When the Obama administration released its proposal for the reauthorization of No Child Left Behind on Saturday, I had two immediate, conflicting reactions. The first was that the administration deserves kudos for sketching a vastly more modest conception of Uncle Sam’s role and for dramatically scaling back NCLB’s attempts to fix K-12 schooling from Washington. Indeed, I’d have expected this sensible stance to be a bitter pill for Kati Haycock and the champions of “the feds should fix it” legislation (more on that in a moment).
The second reaction was puzzlement at what seems a schizophrenic vision of the federal role. Despite Duncan’s declarations that he wants to be “tight” about ends but “loose” about means, Race to the Top has struck me as pretty prescriptive about means. And I’m not sure how a reauthorization less aggressive about singling out troubled-but-not-awful schools and dictating school improvement strategies squares with the Office of Civil Rights’ (OCR) interest in investigating schools based on the racial representativeness of Advanced Placement enrollments and issuing detailed guidance on feeder patterns, early enrollments, and who knows what else. That seems real prescriptive to me. (For more on that score, check out terrific pieces by the Fordham Institute’s Mike Petrilli and the University of Colorado’s Josh Dunn).
So, what to do? Because I’ve sometimes been hard on the administration, will get around to Russlynn Ali’s OCR efforts eventually, and do think the Obama team has so far outpaced the Bushies on education, I’m inclined to focus on the good. So, let’s go there.
The proposal does away with much of the panoply that skeptics of bureaucratic overreach have long flagged. The administration proposal would do away with the “cascade of sanctions,” including federal mandates governing supplemental educational services and public school choice; eliminate “Adequate Yearly Progress;" end the requirement that 100 percent of students be “proficient” by 2014; and halt the ability of lousy performance by a particular subgroup to trap a reasonably performing school in the gears of the “needs improvement” machinery.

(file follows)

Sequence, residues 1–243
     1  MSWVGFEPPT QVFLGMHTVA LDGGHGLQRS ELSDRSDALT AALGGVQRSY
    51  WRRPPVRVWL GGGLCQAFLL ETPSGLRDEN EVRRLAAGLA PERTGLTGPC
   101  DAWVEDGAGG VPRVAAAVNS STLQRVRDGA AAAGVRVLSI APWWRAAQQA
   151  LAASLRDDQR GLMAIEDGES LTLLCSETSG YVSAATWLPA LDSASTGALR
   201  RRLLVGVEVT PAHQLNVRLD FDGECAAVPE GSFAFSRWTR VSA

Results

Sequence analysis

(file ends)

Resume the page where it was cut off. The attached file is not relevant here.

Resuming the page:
Despite fierce protests from the NEA (amazing how little gratitude $100 billion in stimulus spending can buy you nowadays), the proposal is a big win for the teachers unions frustrated with NCLB’s Rube Goldberg-esque interventions, heavy-handed reliance on math and reading tests, and byzantine AYP rules. This is just fine, as the NEA happens to be largely correct on these points.
The proposal also reminded me why New York Times columnist David Brooks’ sycophantic columns on Obama’s education efforts make him such an unreliable narrator. Just last week, Brooks panted, “Obama has taken on a Democratic constituency, the teachers’ unions, with a courage not seen since George W. Bush took on the anti-immigration forces in his own party...Obama has been the most determined education reformer in the modern presidency.” Whoops. It’s a good thing that Obama dialed it back here. But it does leave Brooks, dizzy and a little disoriented from his man-crush, sounding like an overcaffeinated sales rep.
Now, like I noted above, I was stunned by the Education Trust’s bizarrely cheerful response to the substance-free goal that 100 percent of students graduate high school “college and career ready” by 2020. After a decade of Ed Trust advocating increasingly intrusive targets and federal interventions, this response would normally leave me wondering whether the public proposal was accompanied by some private understandings. But, I’m going to put away such doubts for now and congratulate the administration for savvy negotiating and skillful politicking that somehow convinced Kati Haycock, Amy Wilkins, and their colleagues to embrace a plan that seems a crushing defeat for their Great Society-style aspirations.
And I could only scratch my head at former Secretary of Education Margaret Spellings opining that the proposal represents “a more nuanced approach to accountability.” It is some kind of alien abduction deal? It’s hard for me to square that comment with those of the Secretary who said, “I talk about No Child Left Behind like Ivory soap: It’s 99.9 percent pure or something.” After all, this proposal explodes the intricate, problematic architecture of NCLB and erases the “bright lines” that Spellings tried so adamantly to draw around 100% proficiency, AYP, disaggregation-based accountability, and the rest.
The problem with D.C. is that you never know whether this kind of cognitive dissonance is the result of backroom handshakes and quiet understandings, the need for advocates and consultants to stay in the game and curry favor, advice from media handlers and P.R. advisors, or an honest read of the proposal. Fortunately, we’ll have plenty of time to sort it all out.
The opinions expressed in Rick Hess Straight Up are strictly those of the author(s) and do not reflect the opinions or endorsement of Editorial Projects in Education, or any of its publications.